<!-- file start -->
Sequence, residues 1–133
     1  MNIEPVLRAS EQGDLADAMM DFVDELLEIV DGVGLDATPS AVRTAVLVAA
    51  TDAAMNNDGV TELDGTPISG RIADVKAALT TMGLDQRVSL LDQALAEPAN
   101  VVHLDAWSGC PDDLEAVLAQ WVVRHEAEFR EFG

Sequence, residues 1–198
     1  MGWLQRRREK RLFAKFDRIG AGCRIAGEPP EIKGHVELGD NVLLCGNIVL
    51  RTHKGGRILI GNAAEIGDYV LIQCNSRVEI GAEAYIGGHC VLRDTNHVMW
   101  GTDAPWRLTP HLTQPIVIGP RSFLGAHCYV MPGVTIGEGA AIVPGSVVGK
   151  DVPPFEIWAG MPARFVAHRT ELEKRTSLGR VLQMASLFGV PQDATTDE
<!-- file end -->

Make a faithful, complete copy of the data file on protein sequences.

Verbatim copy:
Sequence, residues 1–133
     1  MNIEPVLRAS EQGDLADAMM DFVDELLEIV DGVGLDATPS AVRTAVLVAA
    51  TDAAMNNDGV TELDGTPISG RIADVKAALT TMGLDQRVSL LDQALAEPAN
   101  VVHLDAWSGC PDDLEAVLAQ WVVRHEAEFR EFG

Sequence, residues 1–198
     1  MGWLQRRREK RLFAKFDRIG AGCRIAGEPP EIKGHVELGD NVLLCGNIVL
    51  RTHKGGRILI GNAAEIGDYV LIQCNSRVEI GAEAYIGGHC VLRDTNHVMW
   101  GTDAPWRLTP HLTQPIVIGP RSFLGAHCYV MPGVTIGEGA AIVPGSVVGK
   151  DVPPFEIWAG MPARFVAHRT ELEKRTSLGR VLQMASLFGV PQDATTDE